You can say this about Donald Trump: He’s not parochial at all when it comes to his targets. After a busy few months of battling U.S. trading partners, splitting up asylum-seeking families at the border, and spatting with NATO allies, he’s now picking an unprecedented fight with his own central bank.
The U.S. President declared his disappointment with the Federal Reserve in a CNBC interview on Thursday, saying he was against a strong dollar and “not thrilled” about more hikes in interest rates. He sent the greenback into a further tailspin on Friday with a series of angry tweets in which he declared that “the United States should not be penalized because we are doing so well. Tightening [interest rates] now hurts all that we have done.”
For Fed chairman Jay Powell, the message is about as subtle as waking up next to a bloody horse’s head: Raise rates at your peril, Mr. Powell.
The friction between the White House and the Fed adds to the uncertainty over what markets can expect on the interest rate front over the next few months. More disturbingly, it demonstrates how little the President understands about the way an independent central bank is supposed to work.
In developed countries, presidents and prime ministers don’t criticize central bank policy – at least, not in public – for an excellent reason. The whole point of an independent central bank is to insulate elected politicians from unpopular but sometimes necessary decisions, such as tightening policy during periods of increasing inflation. Any politician who attempts to publicly direct a central bank risks owning the fallout from its decisions.
Mr. Trump’s outbursts on rates are “the stuff of a relatively unsophisticated administration that appears to be unschooled or uncaring toward the reasons for why things have tended to evolve the way they have over time,” Derek Holt of Bank of Nova Scotia wrote in a note.
To be sure, the President’s insistence on low rates isn’t just about ignorance. It also underlines the growing tension in Washington. The administration is doing everything it can to juice U.S. growth before mid-term Congressional elections. The Fed has been gradually raising rates to dampen the inflation that goes with an economy operating near full capacity. The President clearly disapproves of its attempts to cool things off, especially so close to a crucial vote.
This sets up a fascinating tug of wills. Mr. Powell’s term as Fed chair lasts until 2022. Under the Federal Reserve Act, he can only be removed by a president “for cause.” Exactly what that means is open to debate, but refusing to obey Mr. Trump’s tweets falls short of any reasonable definition. Any attempt to remove Mr. Powell would not only be politically explosive, but doomed to fail. Even Mr. Trump praised the Fed chair as a "very good man” on Thursday.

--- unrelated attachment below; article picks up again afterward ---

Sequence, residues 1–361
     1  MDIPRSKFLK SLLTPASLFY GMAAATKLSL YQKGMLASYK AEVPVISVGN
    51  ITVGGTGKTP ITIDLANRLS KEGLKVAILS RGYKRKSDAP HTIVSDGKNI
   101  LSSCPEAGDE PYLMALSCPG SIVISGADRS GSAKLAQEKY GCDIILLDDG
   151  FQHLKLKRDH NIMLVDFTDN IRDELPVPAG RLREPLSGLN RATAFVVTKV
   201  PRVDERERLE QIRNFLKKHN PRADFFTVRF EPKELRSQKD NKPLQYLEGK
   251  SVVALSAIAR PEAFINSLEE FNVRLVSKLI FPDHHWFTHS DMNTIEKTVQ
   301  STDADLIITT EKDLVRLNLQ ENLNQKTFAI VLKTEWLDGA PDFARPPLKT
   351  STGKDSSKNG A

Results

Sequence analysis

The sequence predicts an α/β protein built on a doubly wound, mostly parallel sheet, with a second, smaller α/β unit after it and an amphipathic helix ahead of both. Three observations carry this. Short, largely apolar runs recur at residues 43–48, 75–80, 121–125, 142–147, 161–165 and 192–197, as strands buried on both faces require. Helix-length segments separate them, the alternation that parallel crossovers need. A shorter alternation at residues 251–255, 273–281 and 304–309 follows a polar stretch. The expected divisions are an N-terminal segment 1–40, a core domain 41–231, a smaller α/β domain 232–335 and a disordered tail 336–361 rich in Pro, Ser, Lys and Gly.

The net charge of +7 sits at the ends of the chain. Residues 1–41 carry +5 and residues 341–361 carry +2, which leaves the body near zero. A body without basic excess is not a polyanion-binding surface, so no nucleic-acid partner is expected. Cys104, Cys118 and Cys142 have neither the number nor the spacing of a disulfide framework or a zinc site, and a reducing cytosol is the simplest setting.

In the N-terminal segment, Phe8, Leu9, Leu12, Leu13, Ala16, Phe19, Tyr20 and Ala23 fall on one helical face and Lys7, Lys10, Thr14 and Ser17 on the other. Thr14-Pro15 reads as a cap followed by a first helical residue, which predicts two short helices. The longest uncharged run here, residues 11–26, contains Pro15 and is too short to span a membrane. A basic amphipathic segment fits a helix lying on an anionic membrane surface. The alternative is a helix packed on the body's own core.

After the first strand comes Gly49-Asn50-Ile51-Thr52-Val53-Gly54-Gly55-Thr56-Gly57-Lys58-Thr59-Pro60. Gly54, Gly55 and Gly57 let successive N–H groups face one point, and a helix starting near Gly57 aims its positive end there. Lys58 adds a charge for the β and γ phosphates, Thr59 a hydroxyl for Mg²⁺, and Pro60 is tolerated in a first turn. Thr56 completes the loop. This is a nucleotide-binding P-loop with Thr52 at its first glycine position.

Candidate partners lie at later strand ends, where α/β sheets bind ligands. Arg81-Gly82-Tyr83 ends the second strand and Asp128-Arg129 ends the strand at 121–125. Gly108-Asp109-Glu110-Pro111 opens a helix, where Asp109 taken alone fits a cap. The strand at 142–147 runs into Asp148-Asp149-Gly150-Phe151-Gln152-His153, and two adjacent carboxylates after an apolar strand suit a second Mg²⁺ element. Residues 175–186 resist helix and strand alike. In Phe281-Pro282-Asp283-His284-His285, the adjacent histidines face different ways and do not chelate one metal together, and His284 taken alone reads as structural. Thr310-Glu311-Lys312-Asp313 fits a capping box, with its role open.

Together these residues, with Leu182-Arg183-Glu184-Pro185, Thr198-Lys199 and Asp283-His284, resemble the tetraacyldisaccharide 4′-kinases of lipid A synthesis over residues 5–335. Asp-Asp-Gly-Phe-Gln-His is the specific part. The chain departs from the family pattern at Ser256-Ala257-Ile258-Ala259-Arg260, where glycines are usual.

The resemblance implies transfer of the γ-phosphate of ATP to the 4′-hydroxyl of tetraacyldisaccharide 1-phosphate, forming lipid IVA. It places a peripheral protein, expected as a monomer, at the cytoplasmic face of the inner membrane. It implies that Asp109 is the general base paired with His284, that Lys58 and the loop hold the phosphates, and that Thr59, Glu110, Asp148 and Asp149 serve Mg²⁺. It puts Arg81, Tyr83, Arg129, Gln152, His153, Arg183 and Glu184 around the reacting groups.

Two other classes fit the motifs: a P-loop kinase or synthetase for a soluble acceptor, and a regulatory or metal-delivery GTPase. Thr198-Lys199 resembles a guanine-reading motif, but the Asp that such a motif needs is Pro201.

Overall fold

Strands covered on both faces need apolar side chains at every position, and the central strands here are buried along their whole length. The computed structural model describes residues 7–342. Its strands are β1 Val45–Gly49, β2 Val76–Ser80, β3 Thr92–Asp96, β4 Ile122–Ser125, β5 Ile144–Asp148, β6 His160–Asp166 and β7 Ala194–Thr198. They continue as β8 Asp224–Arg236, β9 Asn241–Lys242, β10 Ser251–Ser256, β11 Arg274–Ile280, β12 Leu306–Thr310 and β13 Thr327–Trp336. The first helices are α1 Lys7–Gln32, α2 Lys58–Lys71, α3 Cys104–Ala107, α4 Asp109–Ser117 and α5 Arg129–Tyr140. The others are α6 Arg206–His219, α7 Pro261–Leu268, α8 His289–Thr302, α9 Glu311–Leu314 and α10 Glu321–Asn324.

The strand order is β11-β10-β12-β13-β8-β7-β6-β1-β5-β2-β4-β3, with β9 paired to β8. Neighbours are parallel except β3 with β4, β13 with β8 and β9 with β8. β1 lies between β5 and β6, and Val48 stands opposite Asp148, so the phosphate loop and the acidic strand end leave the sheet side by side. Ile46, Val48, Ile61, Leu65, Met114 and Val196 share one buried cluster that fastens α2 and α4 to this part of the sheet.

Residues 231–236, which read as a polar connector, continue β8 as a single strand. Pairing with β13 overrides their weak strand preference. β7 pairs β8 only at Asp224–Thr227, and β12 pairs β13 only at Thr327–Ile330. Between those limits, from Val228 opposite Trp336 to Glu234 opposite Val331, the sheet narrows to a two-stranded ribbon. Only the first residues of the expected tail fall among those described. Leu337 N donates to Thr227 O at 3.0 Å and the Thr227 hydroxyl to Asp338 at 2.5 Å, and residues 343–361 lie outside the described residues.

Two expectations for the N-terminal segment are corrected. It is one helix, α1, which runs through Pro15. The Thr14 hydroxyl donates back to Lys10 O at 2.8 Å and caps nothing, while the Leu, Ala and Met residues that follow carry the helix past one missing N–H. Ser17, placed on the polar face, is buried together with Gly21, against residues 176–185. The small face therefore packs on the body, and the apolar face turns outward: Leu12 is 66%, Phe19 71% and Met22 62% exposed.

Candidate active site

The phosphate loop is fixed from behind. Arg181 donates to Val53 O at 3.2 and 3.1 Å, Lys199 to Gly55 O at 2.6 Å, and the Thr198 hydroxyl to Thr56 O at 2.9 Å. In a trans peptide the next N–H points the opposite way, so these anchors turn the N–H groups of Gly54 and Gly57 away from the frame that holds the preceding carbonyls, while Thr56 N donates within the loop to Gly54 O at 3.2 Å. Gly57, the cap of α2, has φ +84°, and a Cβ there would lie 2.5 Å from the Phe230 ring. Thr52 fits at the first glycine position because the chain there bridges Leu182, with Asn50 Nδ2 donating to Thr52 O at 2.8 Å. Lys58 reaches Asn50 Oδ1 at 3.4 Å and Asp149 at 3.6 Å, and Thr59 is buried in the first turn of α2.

Instead of a frontal assault, Mr. Trump could try to influence the Fed’s decision by appointing a loyalist to the empty seat that remains on the Fed’s seven-member board of governors. However, any appointment would need Senate confirmation, and the appointee would amount to only a single vote on the 12-member Federal Open Market Committee, which decides on rates increases.
All of this means the President’s blustering on rates is likely to have little practical effect. It may actually backfire in the short term. The Fed “will need to state their independence by tightening in the September meeting to prove a point,” said Mark Heppenstall, chief investment officer at Penn Mutual Asset Management. Looking further out, “a faster pace of rate hikes may be needed to reinforce the Fed’s independence,” said Dennis Debusschere, head of portfolio strategy at Evercore ISI.
Faster rate hikes could threaten the stock market, because they would encourage higher bond yields and make bonds more appealing, especially to investors fretting about the potential for a global trade war. Mr. Trump ratcheted the market’s anxiety even higher on Friday by threatening to slap tariffs on all Chinese imports.
But he also demonstrated a certain level of confusion about the reasons for that trade war. “China, the European Union and others have been manipulating their currencies and interest rates lower, while the U.S. is raising rates while the dollars gets stronger and stronger with each passing day – taking away our big competitive edge,” he tweeted.
What Mr. Trump doesn’t seem to grasp is that U.S. rates and the U.S. dollar have been going higher largely because of the wave of stimulus he has unleashed through massive tax cuts. He could help to bring about lower rates and a lower greenback, but only at the cost of slower growth.
“Not only do we appear to be heading for a trade war, but it also looks like currencies are about to be brought onto the field of battle as well, as the U.S. administration tries to limit the effects of its own fiscal stimulus,” said Michael Hewson at CMC Markets. To put that another way, this is an administration that seems willing to pick a fight with anybody – including itself.